Disability Series: ADHD

My whole life has been a blur of hyperactivity and energy. I was loud; the centre of attention in every way. Academics, surprisingly, came easy for me. I coasted through elementary and middle school, wowing teachers with my focus and determination. I was halfway through high school when the depression started. Suddenly, I was daydreaming during class, flunking tests, not talking to anyone. At 18, I was diagnosed with ADHD.

In this series, I want to explore physical and mental/invisible disabilities. First up is Attention Deficit Hyperactive Disorder (ADHD). The debates on ADHD range from whether it’s real or made up pseudoscientific bullshit to whether to medicate or not. No one ever talks about what happens after they drop the bomb on you. What next? How do we cope with this “intellectual disability”?

What we’ve all been told is that ADHD is a problem. That adults and kids with ADHD are “broken” to some degree, they have something wrong with them. Truth is, ADHD is a simple condition to understand because it’s the net effect of other challenges, instead of an entity all on its own. Kids and adults with ADHD undoubtedly have what I like to call “Porsche brains” — meaning their brains like to go fast, and therefore are basically stuck on the “gas” at all times. This element is the key to their superpowers. Fast cars can get places faster, effectively getting more things done in the same amount of time as other cars. That’s why so many of our great innovators, inventors, artists, and entertainers fit the ADHD description.

If you’ve ever taken a look at a Porsche up close, sure, it has a huge engine (brain), but it also has very large brakes, and a sophisticated handling and suspension system. Put another way, because a Porsche can go very fast, it must also be able to slow down really fast and be able to handle corners really fast. A child or adult with ADHD has one piece of that formula, but not both. They have fast-moving brains that constantly want to be on the go, but they have small brakes and poor handling.

In my day-to-day life, this means I have trouble slowing down and sitting still when needed. I have difficulty paying attention in more slow-moving environments (math class, meetings, etc.), especially heavy lectures. In first year, I found myself falling asleep as soon as the class got to work. I had a tough time transitioning from one activity or subject to another.

It can be challenging trying to find the time and ability to focus, and really retain the content, because my brain feels like it’s stuck in mud half the time. Stress, which is inevitable at any university, just adds to the overwhelming feeling of drowning in information. So how can we better cope with stress, school, work, and the constantly changing demands of life? Drugs are not the only answer and option.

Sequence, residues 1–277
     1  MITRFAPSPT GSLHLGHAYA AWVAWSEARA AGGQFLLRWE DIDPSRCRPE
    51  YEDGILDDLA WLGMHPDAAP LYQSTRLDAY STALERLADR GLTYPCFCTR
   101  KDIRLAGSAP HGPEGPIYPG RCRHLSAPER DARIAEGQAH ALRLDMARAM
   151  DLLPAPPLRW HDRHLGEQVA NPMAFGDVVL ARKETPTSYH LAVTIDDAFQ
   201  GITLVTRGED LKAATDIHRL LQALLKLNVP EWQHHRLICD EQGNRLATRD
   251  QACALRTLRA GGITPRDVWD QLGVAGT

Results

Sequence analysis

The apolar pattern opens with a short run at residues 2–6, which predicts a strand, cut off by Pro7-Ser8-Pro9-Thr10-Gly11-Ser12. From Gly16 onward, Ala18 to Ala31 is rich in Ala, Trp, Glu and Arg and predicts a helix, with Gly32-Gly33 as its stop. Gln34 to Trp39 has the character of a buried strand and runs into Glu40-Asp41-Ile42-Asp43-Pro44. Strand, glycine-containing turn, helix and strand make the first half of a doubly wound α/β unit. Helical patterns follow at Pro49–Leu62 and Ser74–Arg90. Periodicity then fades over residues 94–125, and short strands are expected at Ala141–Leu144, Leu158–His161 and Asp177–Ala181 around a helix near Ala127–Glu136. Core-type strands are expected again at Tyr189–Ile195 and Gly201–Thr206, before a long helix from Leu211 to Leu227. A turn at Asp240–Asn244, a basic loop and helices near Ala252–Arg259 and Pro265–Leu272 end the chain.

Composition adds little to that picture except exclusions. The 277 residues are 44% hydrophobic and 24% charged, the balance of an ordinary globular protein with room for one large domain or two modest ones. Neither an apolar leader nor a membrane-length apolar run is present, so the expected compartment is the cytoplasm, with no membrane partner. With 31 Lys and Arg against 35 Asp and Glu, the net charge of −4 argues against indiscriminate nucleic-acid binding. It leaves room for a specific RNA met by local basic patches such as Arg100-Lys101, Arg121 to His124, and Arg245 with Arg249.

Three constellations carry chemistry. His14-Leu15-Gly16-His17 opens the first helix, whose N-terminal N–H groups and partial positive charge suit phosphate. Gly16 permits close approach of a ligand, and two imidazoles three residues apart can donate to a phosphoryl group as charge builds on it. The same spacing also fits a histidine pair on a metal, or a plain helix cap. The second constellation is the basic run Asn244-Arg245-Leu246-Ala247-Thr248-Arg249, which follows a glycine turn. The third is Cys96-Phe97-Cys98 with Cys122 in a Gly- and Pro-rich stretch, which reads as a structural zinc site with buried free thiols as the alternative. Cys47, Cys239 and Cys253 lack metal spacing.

I think there’s a huge disconnect between medication and treatment. I think of ADHD as being the same as someone who needs glasses. It’s not a bad thing, it just is. There’s so many amazing ways you can “treat” ADHD, such as meditation, working out in the morning, and eating a clean diet. For me, the biggest help was learning about myself, and what environments I work best in, and then attempting to bend life to my will. Knowing my strengths and weaknesses helps me navigate through university slowly, but surely.

I never looked at ADHD like it was a disability, and if anything, I really do believe that it’s a super power, it’s an enhancement and it’s a part of who I am.

picture of two brains, one with routine, and one without

2 comments on “Disability Series: ADHD

  1. I completely relate to this. I was recently diagnosed… but in my 40’s! I had a similar school experience as well, with incredible success and ease of acquiring knowledge until my final year of high school. I stopped my education there, although i was a voracious reader of things that specifically interested me. And I did well in my career path, but not without many setbacks that I can now trace to the myriad of side effects of having ADHD. Mostly, i was unawares of the social implications, stress, and oversharing that are symptomatic, and have required a lifetime of learning to control. Thank you for this blog, it helped me feel less alone:)

    1. Pete, your comment made my day. There are not many people in my life who can relate to my experiences, and knowing I helped you feel less alone makes sharing worth it. Hope you’re doing alright!

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